A prison officer in Australia locks up a cell. A UN team is due in the country to put pressure on it to do more to improve conditions for detainees and prevent human rights abuses. File photo: AFP
A prison officer in Australia locks up a cell. A UN team is due in the country to put pressure on it to do more to improve conditions for detainees and prevent human rights abuses. File photo: AFP
Lindsay A. Pearce
Opinion

Opinion

Lindsay A. Pearce and Stuart Kinner

Why is a UN torture prevention team visiting Australia?

  • Group will look at how human rights abuses can be prevented in detention and conditions improved, including for indigenous groups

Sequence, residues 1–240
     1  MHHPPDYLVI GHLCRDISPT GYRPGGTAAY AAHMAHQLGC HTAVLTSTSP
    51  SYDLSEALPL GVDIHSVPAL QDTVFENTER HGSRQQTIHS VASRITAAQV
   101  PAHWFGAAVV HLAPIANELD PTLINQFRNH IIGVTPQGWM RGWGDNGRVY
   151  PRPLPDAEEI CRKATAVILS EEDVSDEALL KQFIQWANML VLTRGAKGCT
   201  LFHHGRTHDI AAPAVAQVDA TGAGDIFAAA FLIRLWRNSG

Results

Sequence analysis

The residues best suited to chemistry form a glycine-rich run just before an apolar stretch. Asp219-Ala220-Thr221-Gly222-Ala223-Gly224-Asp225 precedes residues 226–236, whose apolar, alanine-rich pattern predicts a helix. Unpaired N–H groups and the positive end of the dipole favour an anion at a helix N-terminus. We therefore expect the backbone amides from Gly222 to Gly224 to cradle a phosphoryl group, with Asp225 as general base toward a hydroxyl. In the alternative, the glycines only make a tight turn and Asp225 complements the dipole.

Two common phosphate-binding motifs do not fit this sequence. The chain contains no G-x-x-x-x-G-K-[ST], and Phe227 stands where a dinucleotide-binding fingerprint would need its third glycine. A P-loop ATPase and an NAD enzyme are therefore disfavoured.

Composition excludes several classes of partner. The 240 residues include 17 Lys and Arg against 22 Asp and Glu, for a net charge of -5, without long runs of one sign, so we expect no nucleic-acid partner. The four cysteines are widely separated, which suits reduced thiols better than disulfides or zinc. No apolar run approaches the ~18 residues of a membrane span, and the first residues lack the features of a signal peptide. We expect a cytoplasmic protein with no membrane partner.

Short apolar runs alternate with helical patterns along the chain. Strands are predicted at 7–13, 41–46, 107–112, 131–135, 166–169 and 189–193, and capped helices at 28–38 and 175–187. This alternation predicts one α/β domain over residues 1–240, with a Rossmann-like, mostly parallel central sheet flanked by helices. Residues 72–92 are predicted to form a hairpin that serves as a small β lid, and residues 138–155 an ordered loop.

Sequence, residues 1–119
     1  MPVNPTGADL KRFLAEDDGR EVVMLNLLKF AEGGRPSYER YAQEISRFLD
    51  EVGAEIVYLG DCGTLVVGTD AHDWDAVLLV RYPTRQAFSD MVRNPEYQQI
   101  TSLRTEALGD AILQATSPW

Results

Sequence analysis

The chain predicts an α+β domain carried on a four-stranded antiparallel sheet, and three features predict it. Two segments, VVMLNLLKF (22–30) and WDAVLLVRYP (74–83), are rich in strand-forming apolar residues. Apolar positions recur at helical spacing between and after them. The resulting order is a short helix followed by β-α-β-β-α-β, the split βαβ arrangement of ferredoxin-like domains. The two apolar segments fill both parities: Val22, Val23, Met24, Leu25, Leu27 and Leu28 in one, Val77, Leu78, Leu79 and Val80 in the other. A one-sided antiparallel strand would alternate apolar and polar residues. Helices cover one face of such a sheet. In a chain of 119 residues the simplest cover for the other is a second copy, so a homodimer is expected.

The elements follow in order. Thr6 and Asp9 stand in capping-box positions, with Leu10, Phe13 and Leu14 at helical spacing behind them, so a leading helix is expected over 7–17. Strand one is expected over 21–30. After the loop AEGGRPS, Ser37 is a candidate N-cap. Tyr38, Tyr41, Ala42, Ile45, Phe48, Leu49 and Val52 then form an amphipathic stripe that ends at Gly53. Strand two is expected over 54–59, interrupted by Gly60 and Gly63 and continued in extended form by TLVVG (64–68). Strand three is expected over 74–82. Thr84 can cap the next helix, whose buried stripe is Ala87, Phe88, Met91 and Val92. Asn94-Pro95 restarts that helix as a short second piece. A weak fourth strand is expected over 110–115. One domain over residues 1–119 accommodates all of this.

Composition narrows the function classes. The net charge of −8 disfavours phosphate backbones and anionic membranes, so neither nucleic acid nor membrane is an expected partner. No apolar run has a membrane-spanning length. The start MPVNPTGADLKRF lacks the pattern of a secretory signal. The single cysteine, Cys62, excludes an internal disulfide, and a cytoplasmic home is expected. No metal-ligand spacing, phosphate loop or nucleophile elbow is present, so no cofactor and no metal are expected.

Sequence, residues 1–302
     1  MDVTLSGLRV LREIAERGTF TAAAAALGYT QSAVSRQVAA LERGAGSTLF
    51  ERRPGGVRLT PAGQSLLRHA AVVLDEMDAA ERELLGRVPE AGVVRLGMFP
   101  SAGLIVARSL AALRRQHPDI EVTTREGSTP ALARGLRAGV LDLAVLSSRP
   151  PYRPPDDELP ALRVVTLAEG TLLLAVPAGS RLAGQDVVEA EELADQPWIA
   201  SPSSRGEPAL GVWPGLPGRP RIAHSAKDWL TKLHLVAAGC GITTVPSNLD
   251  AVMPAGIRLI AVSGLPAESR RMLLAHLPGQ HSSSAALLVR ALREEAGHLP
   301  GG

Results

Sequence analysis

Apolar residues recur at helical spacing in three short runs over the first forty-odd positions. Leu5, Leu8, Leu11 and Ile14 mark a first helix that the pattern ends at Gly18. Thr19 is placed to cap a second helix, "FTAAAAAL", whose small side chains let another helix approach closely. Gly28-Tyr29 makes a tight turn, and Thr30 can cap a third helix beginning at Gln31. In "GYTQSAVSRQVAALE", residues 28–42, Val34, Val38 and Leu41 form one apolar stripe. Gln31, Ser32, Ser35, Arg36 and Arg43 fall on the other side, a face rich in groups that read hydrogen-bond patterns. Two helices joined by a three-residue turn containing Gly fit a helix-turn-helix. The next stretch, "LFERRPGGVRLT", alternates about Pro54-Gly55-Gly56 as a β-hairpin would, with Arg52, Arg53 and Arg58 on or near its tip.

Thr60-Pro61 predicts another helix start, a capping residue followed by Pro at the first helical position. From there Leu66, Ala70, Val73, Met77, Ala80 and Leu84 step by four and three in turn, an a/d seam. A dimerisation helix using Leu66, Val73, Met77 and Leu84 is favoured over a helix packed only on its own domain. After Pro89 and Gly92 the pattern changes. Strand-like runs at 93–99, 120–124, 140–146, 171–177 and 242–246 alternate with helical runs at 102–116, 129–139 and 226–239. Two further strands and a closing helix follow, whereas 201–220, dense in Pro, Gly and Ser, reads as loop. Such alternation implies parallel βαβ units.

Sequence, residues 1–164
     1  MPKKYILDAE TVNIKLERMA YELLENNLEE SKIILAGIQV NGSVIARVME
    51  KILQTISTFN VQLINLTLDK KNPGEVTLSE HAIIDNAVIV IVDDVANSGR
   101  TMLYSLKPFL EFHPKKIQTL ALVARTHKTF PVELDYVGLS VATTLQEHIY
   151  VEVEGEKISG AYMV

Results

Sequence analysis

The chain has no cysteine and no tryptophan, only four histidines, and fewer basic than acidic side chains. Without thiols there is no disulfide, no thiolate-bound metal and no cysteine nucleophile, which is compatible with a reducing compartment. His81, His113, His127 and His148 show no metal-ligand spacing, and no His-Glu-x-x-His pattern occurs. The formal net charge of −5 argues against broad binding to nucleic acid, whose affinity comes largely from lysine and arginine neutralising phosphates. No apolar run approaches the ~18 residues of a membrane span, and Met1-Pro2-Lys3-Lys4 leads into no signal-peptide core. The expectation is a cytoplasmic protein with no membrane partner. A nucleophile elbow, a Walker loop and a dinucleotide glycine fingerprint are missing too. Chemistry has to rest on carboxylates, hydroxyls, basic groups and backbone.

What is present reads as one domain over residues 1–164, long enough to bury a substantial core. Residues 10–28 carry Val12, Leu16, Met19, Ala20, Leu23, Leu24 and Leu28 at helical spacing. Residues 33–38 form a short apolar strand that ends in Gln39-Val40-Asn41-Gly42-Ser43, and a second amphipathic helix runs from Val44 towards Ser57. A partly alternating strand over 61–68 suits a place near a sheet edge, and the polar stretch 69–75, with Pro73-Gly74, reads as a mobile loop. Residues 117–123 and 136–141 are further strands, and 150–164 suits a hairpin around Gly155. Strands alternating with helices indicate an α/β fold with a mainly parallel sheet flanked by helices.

• Visit means international pressure on Australia to finally move forward with anti-torture protocol commitments; it has been dragging its feet

A prison officer in Australia locks up a cell. A UN team is due in the country to put pressure on it to do more to improve conditions for detainees and prevent human rights abuses. File photo: AFP
A prison officer in Australia locks up a cell. A UN team is due in the country to put pressure on it to do more to improve conditions for detainees and prevent human rights abuses. File photo: AFP
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